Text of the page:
Comparison bodies 20, 40 with spheres have the advantage that the spheres offer measure reference in all directions. Their use has the condition that the comparison body is so placed and oriented that all its spheres are visible at the picture. In FIGS. 2 and 4 the spherical surfaces of the comparison body are arranged according to size. Their diameters form a series. The series may be geometric. So is e.g. the case in the comparison body 20, in which the quotient between adjacent diameters is ∜2≈1.19. The geometric series offers a.o. the advantage that the relative error at size comparison turns out to be essentially constant over the whole range of measurement.
FIGS. 1 and 2 also give different examples of simple means of fixing the comparison body. In FIG. 1 said means is simply a piece of tape 19. In FIG. 2 it is a bent protuberance 29 at the comparison body 20. This prevents the latter from rolling away from its place and orientation in the neighbourhood of the measurement object. Suitably designed such a protuberance also can facilitate further fixing with tape to the patient in a proper direction and in the neighbourhood of the measurement object.
The comparison body does not need such a shape that that can be manufactured by turning in one piece. If it is composed of cylindrical pieces, these, according to FIG. 3, e.g. can be arranged with a common base-line 37 to a continuous body, 30. This embodiment has the advantage that the body, along its base-line 37 can be fixed to one side of a flat base 38, the other side of which being prepared with a sticking agent protected by a detractable strip 39. Thus completed this comparison body 30 is simple to fix in desired position in the neighbourhood of the measurement object. It can be molded of a thermoplast with such a composition that it is impenetrable for the radiation used. Most often X-rays are used. Then the thermoplast has to be radio-opaque which implies addition of a dense substance, e.g. barium sulphate. The base 38, however, is made of material transparent for X-rays. Also other types of comparison bodies 10, 20, 40 can be made in a mold. This manufacturing method is specially suitable, when single use is justified, e.g. in hospitals in connection with surgical procedures and radiological interventions. In such environment a disposable type of comparison body can render profit assigned to rational and time-saving handling and increased safety.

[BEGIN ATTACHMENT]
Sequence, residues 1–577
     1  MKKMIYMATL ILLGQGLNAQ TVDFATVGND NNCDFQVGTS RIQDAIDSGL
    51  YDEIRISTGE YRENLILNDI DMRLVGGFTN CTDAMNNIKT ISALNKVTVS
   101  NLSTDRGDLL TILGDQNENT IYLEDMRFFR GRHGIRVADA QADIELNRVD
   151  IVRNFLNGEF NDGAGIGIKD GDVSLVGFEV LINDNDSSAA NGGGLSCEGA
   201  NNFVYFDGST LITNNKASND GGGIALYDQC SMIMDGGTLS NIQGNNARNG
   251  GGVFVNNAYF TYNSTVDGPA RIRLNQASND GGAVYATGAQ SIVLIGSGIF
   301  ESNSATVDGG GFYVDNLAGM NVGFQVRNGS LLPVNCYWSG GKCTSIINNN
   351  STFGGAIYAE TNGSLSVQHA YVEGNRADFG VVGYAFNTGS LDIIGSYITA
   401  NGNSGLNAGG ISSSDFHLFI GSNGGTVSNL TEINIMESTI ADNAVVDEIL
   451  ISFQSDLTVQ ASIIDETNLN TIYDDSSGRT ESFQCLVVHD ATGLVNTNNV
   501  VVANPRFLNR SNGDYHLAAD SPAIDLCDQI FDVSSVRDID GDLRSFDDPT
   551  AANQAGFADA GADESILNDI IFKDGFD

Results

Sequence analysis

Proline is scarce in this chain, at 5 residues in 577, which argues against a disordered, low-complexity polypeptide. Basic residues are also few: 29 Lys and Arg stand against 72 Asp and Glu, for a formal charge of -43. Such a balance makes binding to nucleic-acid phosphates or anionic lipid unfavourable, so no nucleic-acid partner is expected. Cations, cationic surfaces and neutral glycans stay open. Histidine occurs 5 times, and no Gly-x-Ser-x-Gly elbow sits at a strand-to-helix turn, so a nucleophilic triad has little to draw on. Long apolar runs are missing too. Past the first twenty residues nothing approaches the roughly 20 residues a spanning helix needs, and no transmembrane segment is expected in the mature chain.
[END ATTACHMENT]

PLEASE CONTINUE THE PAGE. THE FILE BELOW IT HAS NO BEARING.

FIG. 1 gives also an example of how a comparison body 10 with cylindrical surfaces can be given the function of a scale for measurements in the longitudinal direction of the measurement object. The ring-formed surfaces 17,18 between adjacent cylinder surfaces 14, 15 and 15, 16 respectively, as well as the ends of the comparison body, are perpendicular to the direction of the axis of the cylinder surfaces. Thus they mark distinctly the ends of the cylinder surfaces and make with this the length of each cylinder surface well defined. In this very example each one of the cylinder surfaces has been given one and the same length, 10 mm.
In FIG. 4 you can likeways see an example of how a comparison body 40 with spherical surfaces also may contain a scale for longitudinal and distance measurement. In this case said scale is realized as a number of protuberances 49 from the structure 48. To become distinct at an X-ray picture these should end with an edge orthogonal to the plane of the figure--not with a point. The structure 48 is made in a mold and is of X-ray dense material.
The use of the comparison body is further illuminated in the FIGS. 5 and 6. FIG. 5 describes how a comparison body 10 according to the invention is applied to a patient near his groin in order to be close to the area with blood vessels 51 which will be examinated with X-rays. FIG. 6 is a drawing after an X-ray picture of said area, showing the close to obvious way in which the size of the vessels is visually read: The vessel diameter at 60 is as large as the next largest cylinder surface 15 of the comparison body 10, that is 6 mm, whilst the narrow part at 61 is somewhat longer than the length 10 mm of a cylinder surface of this comparison body.